Newspaper Page Text
WOMAN? VARIED INTERESTS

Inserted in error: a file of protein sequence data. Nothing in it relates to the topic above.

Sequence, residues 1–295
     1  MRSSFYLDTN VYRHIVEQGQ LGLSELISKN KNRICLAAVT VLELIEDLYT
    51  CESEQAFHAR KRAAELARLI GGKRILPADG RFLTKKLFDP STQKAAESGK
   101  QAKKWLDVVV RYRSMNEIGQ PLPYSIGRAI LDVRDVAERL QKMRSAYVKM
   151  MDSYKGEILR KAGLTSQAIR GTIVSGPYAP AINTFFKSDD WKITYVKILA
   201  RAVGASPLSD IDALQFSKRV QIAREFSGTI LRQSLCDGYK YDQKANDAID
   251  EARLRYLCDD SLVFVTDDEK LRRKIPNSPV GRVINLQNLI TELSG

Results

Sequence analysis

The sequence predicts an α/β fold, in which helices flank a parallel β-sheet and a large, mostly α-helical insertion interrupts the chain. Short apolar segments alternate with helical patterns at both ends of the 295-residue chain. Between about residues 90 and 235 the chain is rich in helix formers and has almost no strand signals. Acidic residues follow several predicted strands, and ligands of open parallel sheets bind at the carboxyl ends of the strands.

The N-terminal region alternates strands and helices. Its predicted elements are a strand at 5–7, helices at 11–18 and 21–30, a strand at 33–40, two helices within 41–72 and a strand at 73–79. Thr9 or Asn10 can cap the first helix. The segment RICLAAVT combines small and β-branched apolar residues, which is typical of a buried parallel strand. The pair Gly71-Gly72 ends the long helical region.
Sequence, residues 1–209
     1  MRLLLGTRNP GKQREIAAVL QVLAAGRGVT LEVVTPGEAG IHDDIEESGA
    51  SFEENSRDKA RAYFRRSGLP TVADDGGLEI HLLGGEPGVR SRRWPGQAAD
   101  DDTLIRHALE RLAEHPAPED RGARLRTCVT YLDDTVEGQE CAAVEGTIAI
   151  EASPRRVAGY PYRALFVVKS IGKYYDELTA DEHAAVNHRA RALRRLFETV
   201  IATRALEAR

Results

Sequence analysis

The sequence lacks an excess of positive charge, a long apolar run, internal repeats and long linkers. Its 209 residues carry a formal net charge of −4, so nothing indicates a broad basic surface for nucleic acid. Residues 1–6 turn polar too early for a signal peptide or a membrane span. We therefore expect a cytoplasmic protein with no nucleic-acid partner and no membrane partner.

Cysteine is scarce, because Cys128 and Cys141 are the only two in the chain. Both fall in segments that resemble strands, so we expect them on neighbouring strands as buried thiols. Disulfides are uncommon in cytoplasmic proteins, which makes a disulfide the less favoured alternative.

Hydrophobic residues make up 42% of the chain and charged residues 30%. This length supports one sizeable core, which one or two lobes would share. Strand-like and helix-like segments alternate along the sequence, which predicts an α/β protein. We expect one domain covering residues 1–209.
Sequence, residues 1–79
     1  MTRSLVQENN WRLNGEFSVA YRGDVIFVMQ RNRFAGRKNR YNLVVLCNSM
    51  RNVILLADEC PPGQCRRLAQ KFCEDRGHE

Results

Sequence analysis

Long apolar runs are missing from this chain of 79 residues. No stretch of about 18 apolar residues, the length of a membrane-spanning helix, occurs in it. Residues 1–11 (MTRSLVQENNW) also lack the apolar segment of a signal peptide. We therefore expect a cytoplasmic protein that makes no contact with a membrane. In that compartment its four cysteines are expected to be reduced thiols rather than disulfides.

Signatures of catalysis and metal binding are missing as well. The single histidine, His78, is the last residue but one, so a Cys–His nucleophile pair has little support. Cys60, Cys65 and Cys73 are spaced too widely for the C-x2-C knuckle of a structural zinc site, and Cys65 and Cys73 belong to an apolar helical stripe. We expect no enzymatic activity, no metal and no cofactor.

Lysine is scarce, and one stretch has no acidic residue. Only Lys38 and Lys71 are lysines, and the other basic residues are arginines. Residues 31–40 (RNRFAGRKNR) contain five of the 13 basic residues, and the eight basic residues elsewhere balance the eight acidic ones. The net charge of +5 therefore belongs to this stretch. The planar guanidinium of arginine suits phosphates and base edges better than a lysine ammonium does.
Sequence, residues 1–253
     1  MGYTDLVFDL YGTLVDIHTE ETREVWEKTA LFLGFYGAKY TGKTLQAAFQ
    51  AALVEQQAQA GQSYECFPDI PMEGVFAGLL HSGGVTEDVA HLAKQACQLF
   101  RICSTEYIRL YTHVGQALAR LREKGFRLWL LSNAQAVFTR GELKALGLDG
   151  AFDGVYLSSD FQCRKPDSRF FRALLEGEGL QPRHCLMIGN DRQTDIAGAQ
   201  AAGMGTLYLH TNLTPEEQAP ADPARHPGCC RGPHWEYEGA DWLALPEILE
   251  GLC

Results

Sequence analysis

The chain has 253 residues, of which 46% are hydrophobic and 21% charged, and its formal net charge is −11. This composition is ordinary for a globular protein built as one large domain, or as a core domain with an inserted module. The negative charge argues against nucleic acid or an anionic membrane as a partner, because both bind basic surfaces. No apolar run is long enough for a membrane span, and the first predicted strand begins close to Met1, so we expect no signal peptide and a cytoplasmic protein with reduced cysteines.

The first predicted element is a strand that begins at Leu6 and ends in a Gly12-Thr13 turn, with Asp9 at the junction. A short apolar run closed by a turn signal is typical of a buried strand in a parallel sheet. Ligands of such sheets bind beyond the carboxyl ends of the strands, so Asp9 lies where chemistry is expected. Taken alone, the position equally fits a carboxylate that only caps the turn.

MORNING FROCKS FOR HOT DAYS: Serge Ward-? On ) arl ?Qbolness, and Linen, I ? ia?ly in ?Combinations o? Pink and White Is In .*-.. . .ooking. B i the on reseni ! weif, ' ?s to be a i able color again thi - ? I v ?d tone f< i - to be needed on cool m<***r ew models of tl ' is IM them. Their sty'.- . . BOme m;nor del I -eve. or upo:, accessory. A model in dull blue serg? ? i deer 1er th : ? i ? -*? Hip Yoke. ?ped pieces of th ??erge. ' the waistline. ? : - of the hgure an crosse I ? .1 four-piece bla^ prdlf starting from under black t atii en the slanting edges ofeacl : front and back they ar? ?:ed four inches br ? th* ?ailf-rraterial belt, and fall -A to a hip yoke ni in front gathered :o th< te net frill -'.eeves and the V rorning frock of :larkec th apertures for hitton? le fulness of tl :*. at its top fc gath jpporting a n^vel V e ..nd front this hndice is '.abs, and bit tons to : collar ?bout the rounded-out neck d a white blouse, whose ft-in-one full sleeves are flushed at *.h frill-edged Und cuffs net. Practical is this frock ?1 mornings a blou?e in some kindred falrric may be lieu of the one i:: lingerie. A se end example of a frock with ^ erent blouses may be worn .te linen. The flouices on its - skirt are of even vidth. with st one overlapped about '*? veless be front, back aid under . their rly tucke?] white net isc rcunded-ou net elbow slreves are hed. P n\t and White Girlish. white is used r many a morning frxk. One i'?ttic:r.g of pink roses pat 1 of a tunic a skirt ?.arryi**g two wide The tunic, which is drawn ttttr a white bodice gathered into a F'iir. net Victorian yoke, has sleeves far below thr shoulder?, fronts which cross at the t line under a white belt ' rounding apart fi ? ?.ach other at thr top of the skirt's *. ? I flounce. Hindi? . the material ? morning co I of unusual individuality. Over its scant, straight akirt opens an equally straight upper skirt, terminating ju*;t above the ankles. Partly filling this opening is a narrow* little tablier, gath? ered between whit? Mtion but? tons set on a narrow white linen belt in line with the outer edges of an over waist, thr fij front of which run to points at the ne.'.;. The d, rounded neck shows the embroidered wh.te yoke of a blouse, the narrow cleevea of which end plainly a few inches below the elbow. Too picturesque for any place other i ? rt is the hat to this, pink-and-white linen costume, which is a huge shovel-shaped affair in white straw faced with plain pink. The full crown is of linen and the trimming is an enormous double looped wired bow of white organdie. Need Little Material. A very few yards of linen are need? ed for morning frocks of the skirt and-skeleton-bodice type. One of the new models in peasant blue linen has I plain and very scant skirt, which at the back runs half way to the shoulder blades and there extends into long, lour-inch wide tabs. These cross each other at the bust and following the lines of the pointed front opening of a finely pleated blue batiste bodice ?re white ball buttons fastened to i^3 shoulders. Seven-inch wide bands make the lower half of the cross-pleated sleeves, the narrowest ot white batiste frills outline the neck. With white gloves, white pumps and a narrow black velvet ribon throat band this frock is exceptionally smart. The t-ame model might be made up in Can? ton, dark green, rose or pale yellow. Even Foulard Is Used. Foulard has not been neglected by; summer morning frock designers, for i never has this printed silk been more, alluring. The time-honored blue-dotted white pattern was chosen for the develop-i ment of a model whose salient feat- ; ure is the epaulet. This military de ? tail appears as a box-pleated frill out-| g the top of a gathered, set-in long sieeve, the career of which it follows to the armpit. It also serves to trim, a bolero, the white-faced lower front, corners of which turn upward and are nailed in place with blue-covered but? tons. A second box-pleated frill outlines ; tnc square neck of a blouse matchin;; the bolero's facing and soft belt. The belt heads an overskirt which falls in oeep, inverted box-pleated points over the side of a narrow skirt, which gains f extra width through being slightly caught up to the centre of i's waist? band. Hats Become Broader - Close Fitting Models Followed by Those with Wide Brims. FOR the last two months hats e been made with high crowns and narro*/ brims, but ?ith the coming of sumner they ate Vti'.'.y cl pged in shapt as well as ? the material used in making them. A material that has not been used for ?bout fourteen years has again come ,;ue. that is, horsehair braid, ?ad with it has also com; hand sewed kats. Sketched on this pag? is a black: ?MX that could be worn for a tea or It is of horsehair and maline ?raid over a ?r.e wired 'hape. It has, the r.tw wide -oils slight-: 7 on one side, with a moderate size, crown. The cr? ?:. . nd brim are of' black horse-, - the under' Part of the hat ck maline *>??*"-. A btrd o: is placed ? the direct 'rom M : at the top and bottom of the ?rown |rc narrow Pieces of black ribbon, forming small ?' the front. A hat M that !.' 'tril*!*-8' . wftn tilted a ttle '- Price, SCO. Tower of London Mide!. ?5-ttiii-t-?loced hats are always in de-' m***<*. as they can be used for many ?tcasions. Sketched on ttlis page is ' bat that iould be wom -vith a tail? *<?- sun for motoring Dr with a *b?te shirtwaist and skirt vhen going *? ?be dub. It ia of black Tagal ****, faced with white mare libbon, ?bich also forms a band around the ** of the crown. The hat is t^ffiined by four pairs of amall black **??, placed at the top of the moire f*nd- The shape of this hat is takeu, . 0n> the hats once worn by the men "? -he Tower of London. Price, $12. Rtd and Whit? Combing. A Particularly smart looking hat **?*! ie hand made, with a crown of J*? tatin, slightly gatheied at the ** and g brim of white hraio. The ?? a ?/?.in yii wmic oraic. J * Il faced -with white sjtin and IS trimmed on each side of the crown by cherries, which relieves the white. Al? though simple, it is exceedingly smart. Price, $10. Colored Band on Peanut Str.iw. A hat that is light, but good looking. is of peanut straw with a rolling brim. trimmed with an imported colored band made of straw, which is finely The lotrer sketch it of a hit of black horteMSir Mme ntolttir. trith a \uH uf MaVUtsi ?i the iirwl ????<>? 11 otccr of lAnxttotx mo4H of Vtt?k Tm?mI, ftee? tilth uhit" moho ribbon a,ul <#.... ??.?ei* by lour fans o) small white wmgt, tit thovM on thti upper flfture. Thf morning poten shoten at thr h ft *- nf deep blue foulard, with pirdh and second tunic of striped ?Ilk. The upper tunic ft more fallu aa'heyeif than the \ower on i and th< blouse it the simplest "f models, icith wide flaring collar and turned back cuffs. Tin model at thi right it of pink and Khite hand hi- f linen. Tht dn.is proper, of pink, hat a rote of simulated buttonholet on om stdi of the blousx and a hall girdlt thai crosses the White linen vtstce tinder it. woven and finished en the side with a braid ornament. This hat, faced with black velvet, is nicely made and can be worn for tennis or golf. Price. $8. Facing and Flowers Match. Shown by the same shop is another attractive model in which are com? bined excellent workmanship and style. It is a Milan in natural colored straw, with rather a high crown, trimmed at the base by hand made flowers in delicate shades and faced at the top with a pale shade of blue cr?pe de Chine, which harmonises with the flowers and the velvet bows on each side. Price, $12. Brown Motor Hat. As a rule, motoring hats are not attractive, but a shop that is very con? servative is showing one that is smart looking. It is of brown Yetta braid and trimmed around the base of the low crown with flowers, caught at one side with a pair of brown wings. This hat is faced with changeable brown silk. Price. $10. COUNTRY HOUSE DECORATION Stripes, Which Play So Materials, Become try Home Important a Part in Dress the Keynote of Coun Refurbishings. WITH the stripe the "dernier cri" of fashion, it is perhaps not remarkable that it should likewise have influenced the scheme of summer decoration. It has become the prominent note in hangings and draperies this sea-on and has rele? gated the familiar flowered chintz to comparative obscurity. Except where the flowers have been conventionalized and grouped in tiny bunches at regular intervals between the stripes, or when they appear in the more modern designs, which are shown in toile de Jouy and have come to us from the studios of Vienna and Paris, the rambling designs of flowers in large patterns have for the moment lost their place in the country house, unless, perhaps, in the exception when birds appear in the design, then foliage and flowers become again a part of the decoration. Now that the work of the modern? ists has outgrown its novelty abroad it is finding an awakening appreciation here, as is evidenced by the effects of color and design now available in both hangings and rugs, liven in the woollen rugs, with centres of one solid color, the border is made to duplicate that of the hangings. Other simple weaves and fabrics have felt the touch, and textiles of marvellous hues are to be had to meet the demand for daring color combinations and unusual de sign. Black, which last season formed the background upon which the vivid col? ors of brilliant flowers and birds stood out in bold relief or served to sil? houette the familiar figures character? izing Chinese designs, now appears as i a telling line or stripe in an otherwise 1 colorful pattern, or possibly as a sten? cilled outline against the creamy ground of an undyed linen fabric. Black and white combined has become a favorite scheme for curtains and can also be found in materials for i window draperies, such as Madras, in 1 a small lattice pattern. For this pur? pose nets of the finest mesh, together | with the scrims with printed flower borders, have won the greatest popu? larity. Black and white effects in carpet, simulating the large checkered marble flooring, is an unusual adaptation for this purpose of a color combination which finds a particularly happy ex? pression in the quaint jars and com? potes of Viennese china, whose dec? oration consists of black stripes or diamonds upon a highly glared white background. In a room where black pre-rails a' piece of Martine glass or even a repi duction in the beautiful transluc* coral red characteristic of this gla simple in outline, makes a delightl touch of color to relieve the sobrie of the decoration. When filled with white flowers those of the same tone as the glass tl effect is particularly charming. Gre? and yellow are also'used in a varie of designs for finger bowls, box compotes and vases, all without orn ment. In the matter of furniture paint? wood in soft gray tones makes * appropriate and inexpensive means ? supplying the daintiness and simplicit associated particularly with the be? room of the country house, and newer than white. Cushions for chaii with undecorated frames can be mac cf poplin, of soft Du Barry pink c old French blue at prices not exce: sive. Lacquer furniture, while rarely to b found in the original, has proven satisfactory substitute and, when cai ried out in detail that furniture c lighter wood could not suggest, lend a dignity to the bedroom or livin; room. It gives character to the roon and offers a harmonious backgroun? for fine bits of Chinese embroidery which can be used as draperies fo lamp shades. Where moderate expense must b considered, the, many attractive re productions of blue hawthorn an? other ware make desirable bases foi lamps. The latter coloring and de sign can also be carried out in jar dini?res and chintz draperies, but pos sibly to better advantage where th? furniture is Chinese Chippendale. Fascinating in its daring designs anc colorings is the glazed English chintz now often used for window shades Again the stripe?this time in soft pinks on a white ground?a narrow China blue and green in even a still broader stripe testify to the popularity of this character of decoration and are to be used in a room necessarily of corresponding treatment in the cur? tains, cushions, etc., and with plain wall coverings. White painted woodwork completes the scheme, which is particularly adaptable to the country house break P.ARPET lUEANSING id?.?. \.M? vil ri.ooi*. ? On RBf*MM, I .in-.?; in the Uorl.l. r.xery del??!' 41 ?ear?' etperieitrm. THE THOS. J. STEWART CO. B'war. ? ..r cil. ?t . K, Y. I'ho-to MM llr? ml MUm, cor Mil ????.. .lernet 'I?? t'hone MOO fast room. In such a room, too, can be used the iron doorstep; a basket of flowers painted in natural colors used against the white doors on which the white painted tin or "t?le" door plates decorated with sprays of flowers con? sistently carry out the detail. T?le waste baskets, boxes, candle? sticks, sconces, vases, bookends and shades for hanging lamps, with all the charm of the oldtime decoration of coloring, can be found in the studios here, a temptation to every woman who understands the beauty of this almost forgotten decorative art. While above all the country house accessories, the telephone is unques? tionably the one of greatest service, modern ingenuity and invention have not succeeded in devising an appro? priate disguise, unless inclosed within a booth or closet. Any feature con? tributing toward the beautifying or concealment of the instrument is glad? ly welcomed, such as the attractive new leather pinwheel shaped "fonel ists," which fit around just back of the mouthpiece. These are made also in "leatherette" and in a variety of colors, such as purple, blue, rose, green and yellow with a delicate tooled decoration. Each leaf of the pin wheel, so to speak, is marked with a letter, and if pulled out from the list can conveniently give the desired address or number, even while the telephone is in use. The rests, or wooden brackets, espe? cially made for the telephone, are con? structed to fit in a corner at any con? venient height and consist of sup? ports with a single shelf decorated in Italian floral designs upon yellow or green backgrounds, or in a Chinese decoration against a background of the same tones. These are especially desirable in a hallway where a table would be awkward and an encum? brance. In china, for table use, the copies of old Chelsea, Wedgwood and Spode are the newest and most desirable substitutes for the old, and in their gay flowered designs and brilliant pheasant colorings make strong ap? peal for country use. The new tiny silver flower holders, with five small rings attached to a slender bar to hold short stemmed flowers, such as violets, when fitted on to the edge of the finger bowl, are also decidedly ef? fective and decorative. Children's rooms in their diminu? tive detail have received more atten? tion than ever this summer. In the studios and shops scarcely a feature that is made for growu ups is not duplicated now in miniature for the child. The pointed furniture, decorat? ed with Noah's ark animals and farm? yard scenes, is a favorite type for nursery use. This includes a mirror in a gray painted frame, at the top of which a cartouche, in which appears a chicken in relief, is typical of the fanciful decoration now made to please the child. Where a door from the nursery opening into an adjoining room is to be kept open or at a de? sired angle, a large sized wooden cat with, curled tail above its back makes an amusing doorstop. These are painted black, and although made in an exaggerated size with a weighted base can easily be carried from place to place. slurry Up Call to I hose Who Have Not Yet Planted the Summer Garden JUNE now. and high time you bedded Out ASTERS. SNAPDRAGON (the new cut flower kinds), zinnias, calendulas, chrysanthemums, carna lions, coleus, caimas, petunias, verbenas, double stocks, salpigli gladioli, SALVIAS, COSMOS, thunbergias, Ice pinks, double nasturtiums, ivies, feverfew, lobeli.ts. phlox, and in perennials, coreopsis, golden ?low, akebias, wistarias, amp?lopsis, larkspur, forgetmeitot, pansies, and many ??tliers. WE supply you express paid SB) -11 plants oi above lor 51.00, any 5 5 for *??:*. M?, any 120 for $5.on. In vegetable plants, tomato, cabbage, celery, lettuce, parslev, cauli flower, SO lor 51 on; egg and pepper plants 35 for $1.00, prepaid. AN ASTER BED planted with our succession of varieties, earl\, mid season and late, will give cou culflowers from mid-JULY until iroit. IN ALL color*-, white, lavender, shell pink, deep pink, purple, etc. NOTE: GERANIUMS nearly sold; only 20"c of an order can be sup? plied in geraniums, good plants not in bloom. STAMPS not accepted. MENTION of this medium insures extras added. THE HARLOWARDEN GREENHOUSES GREENPORT NEW YORK FLORAL HAMPERS of cut flowers delivered at $1, $2, $3 to $5 each Carnations, Snapdragons, Stocks, Etc. If You Are Shopping and rant find exactly what you want, call The Tribune Information Service, Beekman 3000, and \vc will tell you WHERE TO GET IT. Or, If You Are in a Hurry and haven't time to write us, or if you don't want to run around in the shops on the-e hot day?-, searching for any article of apparel, 'PHONE US, and we will help you out. THE TRIBUNE has just installed an INFOR? MATION SERVICE, to save time and energy for you by TELLING VOC \\ HERE you ?an xjtX ANYTHING VOU NEED, whether it be a button, a bathing suit, a governess or a rag carpet. This INFORMATION SERVICE will be open to the use of TRIBUNE readers from 10 a. m. to 6 p. m. daily. -. WOMAN'S PAGE BINDERS At many of the artlclea on thli page will be continued from day to day, The Tribune, for the convenience of thoee who may wleh to preterve the pagee, ha* made ?n original and unuaual binder. Thia binder hoida sixty elngte newspape-* pagee. and will bo aold at coat, J0c. pottage prepaid. , \OTrt?<"?*> ?-"-'Ipt "f a act/?v*dr???*<i ?(Hinoed *fi\?)nt>ai TX\o Tr'twn? ?art>t fumtah the name?. Mal a?Aretmu of lb* itn-?r? fioin ??:k*i ij?e on. .??? .Munt??*?! oo ihte rmtm aro tabea.